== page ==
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Mom's promoting prostitution sentence stands

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The Indiana Court of Appeals affirmed the 17-year sentence for a woman convicted of prostituting her daughter, finding her sentence was appropriate and that an even longer sentence could be justified.

In Tina Sue Day v. State of Indiana, No. 36A05-0804-CR-219, the appellate court made it clear it found Tina Day's sentence to be appropriate for someone "who accepted cash in exchange for allowing multiple men to molest her twelve-year-old daughter," wrote Judge Melissa May.

Day pleaded guilty to promoting prostitution and the judge imposed the 17-year sentence after finding four aggravators: her daughter's age, the great harm caused to the child, Day's position as mother, and her daughter being no match for the people to which she was sold. The only mitigator was Day's lack of criminal history.

Day challenged her sentence, claiming the trial court failed to consider her "poverty, mental illness, personality disorders, and alcoholism" when it determined her character. Even though she failed to develop an argument and waived her appeal, the Court of Appeals still found nothing about her sentence to be inappropriate. The Department of Child Services had investigated Day several times in the past for neglect and removed a child from her home due to medical neglect, wrote Judge May.

"Accordingly, despite any other problems she may have, Day's abuse of her twelve-year old daughter reflects a pattern of behavior, not a mere misstep by a woman with otherwise good character," she wrote. "No amount of poverty, physical illness, or mental illness can justify selling a child's body for men's sexual pleasure, and the character of any person who could do so justifies a sentence of seventeen years, if not more."

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  1. Indiana's seatbelt law is not punishable as a crime. It is an infraction. Apparently some of our Circuit judges have deemed settled law inapplicable if it fails to fit their litmus test of political correctness. Extrapolating to redefine terms of behavior in a violation of immigration law to the entire body of criminal law leaves a smorgasbord of opportunity for judicial mischief.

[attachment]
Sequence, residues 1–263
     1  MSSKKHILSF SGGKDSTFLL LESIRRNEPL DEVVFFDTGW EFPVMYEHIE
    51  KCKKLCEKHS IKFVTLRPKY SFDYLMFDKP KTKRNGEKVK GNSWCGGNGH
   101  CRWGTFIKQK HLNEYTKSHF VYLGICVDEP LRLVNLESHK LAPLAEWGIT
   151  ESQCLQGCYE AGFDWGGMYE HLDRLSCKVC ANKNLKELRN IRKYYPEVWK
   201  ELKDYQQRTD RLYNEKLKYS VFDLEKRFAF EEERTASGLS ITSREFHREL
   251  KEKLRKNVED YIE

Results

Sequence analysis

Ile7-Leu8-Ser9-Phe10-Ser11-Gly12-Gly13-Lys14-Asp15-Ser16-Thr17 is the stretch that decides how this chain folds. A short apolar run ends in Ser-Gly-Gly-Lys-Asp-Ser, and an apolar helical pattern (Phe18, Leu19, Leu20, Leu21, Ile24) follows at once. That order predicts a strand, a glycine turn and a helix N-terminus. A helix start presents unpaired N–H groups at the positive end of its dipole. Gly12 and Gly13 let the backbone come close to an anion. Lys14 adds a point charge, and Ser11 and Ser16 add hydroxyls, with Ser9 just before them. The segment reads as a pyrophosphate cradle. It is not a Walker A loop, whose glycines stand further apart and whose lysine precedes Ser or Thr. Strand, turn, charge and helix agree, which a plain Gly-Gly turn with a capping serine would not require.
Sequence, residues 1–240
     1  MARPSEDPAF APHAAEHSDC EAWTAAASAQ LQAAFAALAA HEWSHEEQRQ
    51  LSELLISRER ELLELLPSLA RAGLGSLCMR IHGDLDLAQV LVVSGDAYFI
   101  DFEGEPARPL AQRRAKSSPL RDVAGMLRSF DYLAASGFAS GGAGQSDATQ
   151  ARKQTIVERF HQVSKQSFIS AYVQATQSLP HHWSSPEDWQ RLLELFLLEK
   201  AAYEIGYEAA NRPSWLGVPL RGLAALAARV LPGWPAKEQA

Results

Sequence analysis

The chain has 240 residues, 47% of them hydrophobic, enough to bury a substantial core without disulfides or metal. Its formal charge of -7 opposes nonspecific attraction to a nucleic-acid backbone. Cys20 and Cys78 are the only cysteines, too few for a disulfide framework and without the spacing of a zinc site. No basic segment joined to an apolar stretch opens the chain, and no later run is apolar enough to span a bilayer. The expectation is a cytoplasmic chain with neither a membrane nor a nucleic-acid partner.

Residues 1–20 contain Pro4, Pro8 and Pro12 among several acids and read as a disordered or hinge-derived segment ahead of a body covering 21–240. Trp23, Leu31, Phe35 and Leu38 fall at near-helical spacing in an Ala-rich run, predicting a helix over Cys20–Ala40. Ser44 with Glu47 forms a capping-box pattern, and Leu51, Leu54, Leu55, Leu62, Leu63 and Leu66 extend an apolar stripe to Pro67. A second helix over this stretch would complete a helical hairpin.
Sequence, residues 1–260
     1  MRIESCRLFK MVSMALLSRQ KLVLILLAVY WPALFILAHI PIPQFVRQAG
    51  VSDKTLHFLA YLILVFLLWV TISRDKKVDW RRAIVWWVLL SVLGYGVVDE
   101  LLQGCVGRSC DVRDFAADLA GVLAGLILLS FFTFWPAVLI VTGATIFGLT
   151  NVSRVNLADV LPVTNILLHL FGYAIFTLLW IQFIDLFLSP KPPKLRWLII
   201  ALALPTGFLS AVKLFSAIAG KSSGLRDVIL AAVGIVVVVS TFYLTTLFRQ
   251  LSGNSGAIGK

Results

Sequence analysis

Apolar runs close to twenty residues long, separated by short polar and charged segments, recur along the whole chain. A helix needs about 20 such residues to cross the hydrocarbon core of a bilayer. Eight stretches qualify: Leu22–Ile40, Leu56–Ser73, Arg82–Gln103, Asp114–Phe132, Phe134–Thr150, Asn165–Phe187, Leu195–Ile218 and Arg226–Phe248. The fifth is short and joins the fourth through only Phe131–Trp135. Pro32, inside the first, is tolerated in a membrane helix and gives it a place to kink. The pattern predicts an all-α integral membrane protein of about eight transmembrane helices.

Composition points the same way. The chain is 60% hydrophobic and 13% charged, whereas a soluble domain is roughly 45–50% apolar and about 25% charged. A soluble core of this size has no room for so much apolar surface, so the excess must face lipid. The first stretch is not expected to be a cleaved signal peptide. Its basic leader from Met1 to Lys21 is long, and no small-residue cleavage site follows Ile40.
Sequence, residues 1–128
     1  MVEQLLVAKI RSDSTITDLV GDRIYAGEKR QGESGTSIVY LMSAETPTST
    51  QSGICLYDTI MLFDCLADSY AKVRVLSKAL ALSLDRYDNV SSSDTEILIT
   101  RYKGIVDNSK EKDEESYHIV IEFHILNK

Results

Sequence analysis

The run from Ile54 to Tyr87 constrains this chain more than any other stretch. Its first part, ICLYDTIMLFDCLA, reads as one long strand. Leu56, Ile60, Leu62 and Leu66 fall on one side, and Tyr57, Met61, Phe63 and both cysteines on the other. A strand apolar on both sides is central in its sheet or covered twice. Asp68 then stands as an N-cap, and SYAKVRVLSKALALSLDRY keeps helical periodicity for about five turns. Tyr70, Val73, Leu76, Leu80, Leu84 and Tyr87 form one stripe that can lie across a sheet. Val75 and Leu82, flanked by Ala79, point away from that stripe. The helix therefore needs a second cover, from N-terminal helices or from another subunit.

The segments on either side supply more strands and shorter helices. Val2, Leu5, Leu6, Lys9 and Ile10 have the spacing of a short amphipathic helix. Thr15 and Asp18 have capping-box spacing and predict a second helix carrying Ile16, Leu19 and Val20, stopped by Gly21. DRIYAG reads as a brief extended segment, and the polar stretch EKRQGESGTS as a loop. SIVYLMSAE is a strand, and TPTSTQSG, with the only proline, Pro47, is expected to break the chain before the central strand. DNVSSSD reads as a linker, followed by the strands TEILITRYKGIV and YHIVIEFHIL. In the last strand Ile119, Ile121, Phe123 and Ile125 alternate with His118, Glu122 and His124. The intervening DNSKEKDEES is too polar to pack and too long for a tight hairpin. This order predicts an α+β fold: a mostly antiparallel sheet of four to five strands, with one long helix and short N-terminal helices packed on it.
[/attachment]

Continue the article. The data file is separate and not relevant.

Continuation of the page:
2. I wonder if $10 diversions for failure to wear seat belts are considered moral turpitude in federal immigration law like they are under Indiana law? Anyone know?

  3. What a fine article, thank you! I can testify firsthand and by detailed legal reports (at end of this note) as to the dire consequences of rejecting this truth from the fine article above: "The inclusion and expansion of this right [to jury] in Indiana’s Constitution is a clear reflection of our state’s intention to emphasize the importance of every Hoosier’s right to make their case in front of a jury of their peers." Over $20? Every Hoosier? Well then how about when your very vocation is on the line? How about instead of a jury of peers, one faces a bevy of political appointees, mini-czars, who care less about due process of the law than the real czars did? Instead of trial by jury, trial by ideological ordeal run by Orwellian agents? Well that is built into more than a few administrative law committees of the Ind S.Ct., and it is now being weaponized, as is revealed in articles posted at this ezine, to root out post moderns heresies like refusal to stand and pledge allegiance to all things politically correct. My career was burned at the stake for not so saluting, but I think I was just one of the early logs. Due, at least in part, to the removal of the jury from bar admission and bar discipline cases, many more fires will soon be lit. Perhaps one awaits you, dear heretic? Oh, at that Ind. article 12 plank about a remedy at law for every damage done ... ah, well, the founders evidently meant only for those damages done not by the government itself, rabid statists that they were. (Yes, that was sarcasm.) My written reports available here: Denied petition for cert (this time around): http://tinyurl.com/zdmawmw Denied petition for cert (from the 2009 denial and five year banishment): http://tinyurl.com/zcypybh Related, not written by me: Amicus brief: http://tinyurl.com/hvh7qgp

  4. Justice has finally been served. So glad that Dr. Ley can finally sleep peacefully at night knowing the truth has finally come to the surface.

  5. While this right is guaranteed by our Constitution, it has in recent years been hampered by insurance companies, i.e.; the practice of the plaintiff's own insurance company intervening in an action and filing a lien against any proceeds paid to their insured. In essence, causing an additional financial hurdle for a plaintiff to overcome at trial in terms of overall award. In a very real sense an injured party in exercise of their right to trial by jury may be the only party in a cause that would end up with zero compensation.

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